Charts 3, 4. Sovereign risk premium and neutral rate in the United States
Sources: NBU calculations; FRB of New York.
Neutral rate in the USA
We use the Laubach-Williams two-sided estimate by the Federal Reserve Bank of New York as the opportunity cost of capital. The figures are regularly reviewed, but during 2016–2020, the rate consistently remained below one percent (Graph 4). This value is quite low in historical perspective. The low cost of capital is associated with a global surplus of savings and slower economic growth. These factors are common to most developed countries.
Real exchange rate
Changes in the real exchange rate mean changes in the correlation of goods prices in the two countries. It is well known that a strengthening of the real exchange rate of the hryvnia occurs either if the nominal exchange rate strengthens, or inflation in Ukraine exceeds inflation in the United States, or if both these factors are present.
It is important to consider the equilibrium real exchange rate. It depends on the fundamental features of the economy, such as productivity. More productive countries can afford higher wages, higher prices and correspondingly stronger currencies. The real exchange rate fluctuates around its equilibrium level, mainly tending toward it over the forecast horizon.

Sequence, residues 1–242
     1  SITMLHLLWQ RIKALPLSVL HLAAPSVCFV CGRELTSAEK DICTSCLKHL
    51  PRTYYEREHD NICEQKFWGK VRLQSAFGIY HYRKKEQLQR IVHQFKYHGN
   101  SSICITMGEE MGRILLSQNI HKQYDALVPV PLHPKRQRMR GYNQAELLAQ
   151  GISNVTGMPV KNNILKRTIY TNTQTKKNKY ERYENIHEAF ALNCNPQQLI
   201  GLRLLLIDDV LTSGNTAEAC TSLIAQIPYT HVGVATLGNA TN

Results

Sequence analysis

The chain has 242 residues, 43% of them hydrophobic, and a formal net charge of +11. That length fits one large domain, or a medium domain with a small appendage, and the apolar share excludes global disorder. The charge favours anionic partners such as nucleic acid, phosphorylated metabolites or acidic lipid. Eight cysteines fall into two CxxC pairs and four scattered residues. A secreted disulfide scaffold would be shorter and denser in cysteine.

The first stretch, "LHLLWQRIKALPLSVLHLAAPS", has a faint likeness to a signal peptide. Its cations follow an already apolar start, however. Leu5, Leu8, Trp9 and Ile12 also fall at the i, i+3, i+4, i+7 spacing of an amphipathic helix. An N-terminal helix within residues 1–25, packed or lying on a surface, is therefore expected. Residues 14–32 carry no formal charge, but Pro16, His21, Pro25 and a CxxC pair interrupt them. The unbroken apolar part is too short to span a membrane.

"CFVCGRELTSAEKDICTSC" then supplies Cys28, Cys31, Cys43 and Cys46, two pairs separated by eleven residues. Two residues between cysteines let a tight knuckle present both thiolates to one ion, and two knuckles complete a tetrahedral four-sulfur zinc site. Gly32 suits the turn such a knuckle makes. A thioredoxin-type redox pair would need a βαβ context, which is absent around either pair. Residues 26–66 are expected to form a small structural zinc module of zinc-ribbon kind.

The price situation in the global raw material markets is also important for Ukraine because raw materials make up a large share of foreign trade. We export ferrous metals and agricultural products, and we import energy resources.
In 2016–2019, the situation in the raw materials markets was favorable for Ukraine, with productivity recovering after the crisis. Starting from 2017, the real exchange rate and its equilibrium level appreciated (Graph 5).
However, the year 2020 and the coronavirus crisis weakened the hryvnia. Commodity markets remain favorable, but we adjusted the equilibrium appreciation rate to reflect the impact of slower productivity growth. At the beginning of 2021, it is close to 1.5% per annum.
The emerging markets’ economies may have higher productivity growth rates than the economies of developed countries due to copying technology. Under such conditions, the real exchange rate will be steadily increasing. In the coming years, we assume that the equilibrium real appreciation rate will accelerate to 3% per annum. This is consistent with the accelerated economic growth and corresponds to the difference between inflation targets in Ukraine (5%) and in the United States (2%).